The Love of God
Commenting on I John 4:19, which reads “We love him, because he first loved us,” John Wesley wrote “This is the sum of all religion, the genuine model of Christianity. None can say more: why should any say less...” (Explanatory Notes on the New Testament) This love God has for us is most fully revealed in the cross of Jesus Christ.
In his sermon “God’s Love to Fallen Man,” written in the last decade of his life, Wesley raises a common question: Why did God allow humanity to fall into sin? His answer was that for God to permit the fall would produce “abundantly more good than evil,” enabling persons to be “more holy and happy” both on earth and heaven. The reason is that if humanity had not fallen then there would have been no death of Christ upon the cross.
Wesley understands the reason for the cross to be human sin. Jesus is the perfect sacrifice, the one who satisfies “God’s justice by offering his body and shedding his blood.” (The Principles of a Methodist) Wesley does not consider God a wrathful being but does believe God is angry at sin.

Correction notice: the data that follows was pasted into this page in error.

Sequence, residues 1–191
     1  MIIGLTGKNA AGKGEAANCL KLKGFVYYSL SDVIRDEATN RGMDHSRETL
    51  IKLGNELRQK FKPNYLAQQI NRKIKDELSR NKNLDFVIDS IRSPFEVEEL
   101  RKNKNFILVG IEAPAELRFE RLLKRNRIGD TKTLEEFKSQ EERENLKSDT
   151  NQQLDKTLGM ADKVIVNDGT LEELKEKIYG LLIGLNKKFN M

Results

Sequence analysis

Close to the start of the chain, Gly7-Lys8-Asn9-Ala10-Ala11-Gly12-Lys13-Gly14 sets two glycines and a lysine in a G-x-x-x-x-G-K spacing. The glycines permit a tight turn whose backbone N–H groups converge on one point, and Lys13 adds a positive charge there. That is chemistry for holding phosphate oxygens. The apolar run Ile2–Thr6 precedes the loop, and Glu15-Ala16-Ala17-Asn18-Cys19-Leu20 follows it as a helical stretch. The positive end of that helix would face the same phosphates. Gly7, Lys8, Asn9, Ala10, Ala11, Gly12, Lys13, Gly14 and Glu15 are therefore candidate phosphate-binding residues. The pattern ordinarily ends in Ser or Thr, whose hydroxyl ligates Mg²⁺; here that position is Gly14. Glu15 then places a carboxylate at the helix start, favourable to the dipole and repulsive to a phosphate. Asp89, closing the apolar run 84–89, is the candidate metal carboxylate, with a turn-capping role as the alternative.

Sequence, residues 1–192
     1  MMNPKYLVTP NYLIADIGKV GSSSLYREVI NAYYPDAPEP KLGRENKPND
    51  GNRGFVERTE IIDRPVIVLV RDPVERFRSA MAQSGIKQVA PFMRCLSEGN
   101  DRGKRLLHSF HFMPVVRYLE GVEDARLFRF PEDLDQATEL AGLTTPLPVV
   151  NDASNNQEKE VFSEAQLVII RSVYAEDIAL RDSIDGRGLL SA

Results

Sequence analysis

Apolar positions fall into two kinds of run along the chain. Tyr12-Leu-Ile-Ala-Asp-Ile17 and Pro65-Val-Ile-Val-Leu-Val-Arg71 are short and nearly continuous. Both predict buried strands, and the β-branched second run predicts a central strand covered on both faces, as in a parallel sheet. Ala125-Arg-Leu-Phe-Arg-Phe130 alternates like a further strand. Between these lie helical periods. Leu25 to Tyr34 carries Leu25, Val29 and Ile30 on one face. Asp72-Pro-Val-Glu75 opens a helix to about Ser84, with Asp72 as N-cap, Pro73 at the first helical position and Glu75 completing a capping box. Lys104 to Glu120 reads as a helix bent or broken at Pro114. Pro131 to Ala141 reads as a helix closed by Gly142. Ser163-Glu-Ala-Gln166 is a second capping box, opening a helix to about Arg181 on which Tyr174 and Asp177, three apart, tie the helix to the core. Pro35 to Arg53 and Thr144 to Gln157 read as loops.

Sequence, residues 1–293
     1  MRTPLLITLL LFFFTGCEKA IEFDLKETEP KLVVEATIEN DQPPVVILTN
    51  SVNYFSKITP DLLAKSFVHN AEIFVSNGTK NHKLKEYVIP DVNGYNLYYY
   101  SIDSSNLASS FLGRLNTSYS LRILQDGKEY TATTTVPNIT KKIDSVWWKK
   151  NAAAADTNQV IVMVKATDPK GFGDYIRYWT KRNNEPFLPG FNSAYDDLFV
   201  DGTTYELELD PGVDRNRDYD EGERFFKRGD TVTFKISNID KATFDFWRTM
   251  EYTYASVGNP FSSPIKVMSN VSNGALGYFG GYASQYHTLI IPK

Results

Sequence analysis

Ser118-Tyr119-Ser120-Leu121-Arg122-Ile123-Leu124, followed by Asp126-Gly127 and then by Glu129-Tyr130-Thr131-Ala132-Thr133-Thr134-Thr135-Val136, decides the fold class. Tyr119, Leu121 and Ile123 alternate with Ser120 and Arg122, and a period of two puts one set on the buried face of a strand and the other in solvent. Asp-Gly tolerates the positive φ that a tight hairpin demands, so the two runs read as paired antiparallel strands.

God’s judgement appropriately falls on our hurtful speech, neglect of others, injustice, damaged relationships, making wealth or power our governing desires, despoiling creation itself, and all other things contrary to the love of God. The effect of the cross is to judge that sin while at the same time enabling us to be forgiven and reconciled to God. In this way the cross was, at its heart, an act of divine love for all humanity. Charles Wesley expresses that love in this way:
O Love Divine! What hast thou done!
Th’ immortal God hath died for me!
The Father’s co-eternal Son
Bore all my sins upon the tree.
Th’ immortal God for me hath died.
My Lord, my love is crucified.
Because our love is in response to that love, we then can also love God and one another with a greater depth than was possible for Adam and Eve. Put differently, we can now be restored to the image of God who is love more fully than would be possible prior to the fall because we know God’s love for us in the cross of Jesus Christ. Thus, as Wesley says, we derive an “unspeakable advantage” from the fall. We love because God first loved us, but “the greatest instance of that love had never been given if Adam had not fallen.” (God’s Love to Fallen Man).
Such love exceeds our language to express and can only elicit our awe and gratitude. With Charles Wesley we can only in wonder ask,